A controversial decision to shut down Newark Police Station and move police officers to a purpose-built building in City Hall could turn around.
The new Police and Crime Superintendent Caroline Henry plans to hold a public consultation to find out what the city’s residents want.
Ms. Henry did not provide details on whether plans to close the station would be abandoned, but she will re-examine the decision as part of her police and crime plan.
Before her election victory, she spoke to Nottinghamshire Live about the closure of police stations across the county.
She said, “I have a very strong opinion on this – I think police stations are more than just bricks and mortar. You are the symbol of the police in your community.
“I am very concerned that our police stations in towns and villages across the county will be closed.
“We have a black hole when it comes to police stations in the north of the county. In Newark, our former Police and Detective Superintendent said he wasn’t going to close the detention rooms, but he closed the detention rooms in Newark – and now he’s going to close the police station.
“I really think these decisions need to be reviewed. Newark crime has increased and Newark people don’t feel safe.
“I think it’s really important that we have these police stations.”
Their full police and crime plan to resolve the issues affecting Nottinghamshire will be revealed later this year.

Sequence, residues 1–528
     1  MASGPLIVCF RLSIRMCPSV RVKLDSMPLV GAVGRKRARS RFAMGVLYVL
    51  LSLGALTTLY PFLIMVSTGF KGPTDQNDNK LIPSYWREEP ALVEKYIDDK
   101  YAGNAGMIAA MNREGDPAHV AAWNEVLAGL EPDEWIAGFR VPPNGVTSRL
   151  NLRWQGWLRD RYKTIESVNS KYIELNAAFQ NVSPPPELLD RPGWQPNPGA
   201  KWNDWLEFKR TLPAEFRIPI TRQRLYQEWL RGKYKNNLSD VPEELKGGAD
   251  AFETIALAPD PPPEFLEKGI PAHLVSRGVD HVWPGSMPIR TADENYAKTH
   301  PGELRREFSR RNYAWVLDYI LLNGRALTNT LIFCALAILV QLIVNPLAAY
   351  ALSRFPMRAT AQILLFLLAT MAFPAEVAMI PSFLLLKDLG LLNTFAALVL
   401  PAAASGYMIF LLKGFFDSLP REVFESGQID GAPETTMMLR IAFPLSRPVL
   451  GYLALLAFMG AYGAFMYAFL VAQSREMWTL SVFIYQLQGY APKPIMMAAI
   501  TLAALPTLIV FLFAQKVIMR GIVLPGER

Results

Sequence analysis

However, she announced early that she would hold a public consultation on the decision to relocate the Newark Police Station as part of a broader review of the Police Settlement Strategy.
She told the Police and Crime Committee at County Hall on Monday the 8th local settlements and developing a gender-based violence strategy.
“It will be a full public consultation to really understand what the Newark public wants and I will be doing a review – it will be in July with a decision in August.”
She stressed that her plan would be informed by the public and that the police were “uncompromisingly tough on criminals”.
Plans to shut down Newark Police Station and move officers to a purpose-built unit in the community offices could save the force around £ 100,000 a year.
In a speech last August, Nottinghamshire Police Chief Constable Craig Guildford said this was not a cost-cutting exercise and meant that more civil servants would be working in the city as a result of the move.
The Nottinghamshire Police Department has worked with the Newark Towns Fund Board on proposals to relocate the current Queen’s Road Police Station to Castle House, the headquarters of the Newark and Sherwood District Councils.
The police station was then to be demolished for new homes and businesses to be built on the site to improve the area.
Police said releasing the land on which the police station is located would help transform the city center and “shape crime” after an increase in anti-social behavior.
He said, “The police station is on prime land and clearance is key to the Newark Towns Fund Board’s ambitions in the area.
“The area where the current police station is located has a high degree of deprivation, and our departure will enable a significant new development to be established.
“For me this is a no-brainer – we need to plan crime and we need to be more agile with our partners to fight crime and antisocial behavior in Newark in the future. Ambition to do so.”
“We’re going to build a new station at the back of City Hall. The only thing that’s going to happen to the Newark cops is that the numbers are growing.”
Police said the officers had not yet been withdrawn from the station and the proposals were only on paper rather than spending money on building new ones in the community offices.